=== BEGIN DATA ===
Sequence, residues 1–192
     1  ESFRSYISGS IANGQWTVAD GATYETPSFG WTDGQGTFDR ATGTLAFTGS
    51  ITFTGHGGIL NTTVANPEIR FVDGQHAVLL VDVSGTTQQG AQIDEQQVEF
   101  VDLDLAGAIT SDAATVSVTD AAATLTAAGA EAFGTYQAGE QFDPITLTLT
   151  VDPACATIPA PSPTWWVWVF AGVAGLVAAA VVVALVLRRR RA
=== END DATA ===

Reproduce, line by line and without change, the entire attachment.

Sequence, residues 1–192
     1  ESFRSYISGS IANGQWTVAD GATYETPSFG WTDGQGTFDR ATGTLAFTGS
    51  ITFTGHGGIL NTTVANPEIR FVDGQHAVLL VDVSGTTQQG AQIDEQQVEF
   101  VDLDLAGAIT SDAATVSVTD AAATLTAAGA EAFGTYQAGE QFDPITLTLT
   151  VDPACATIPA PSPTWWVWVF AGVAGLVAAA VVVALVLRRR RA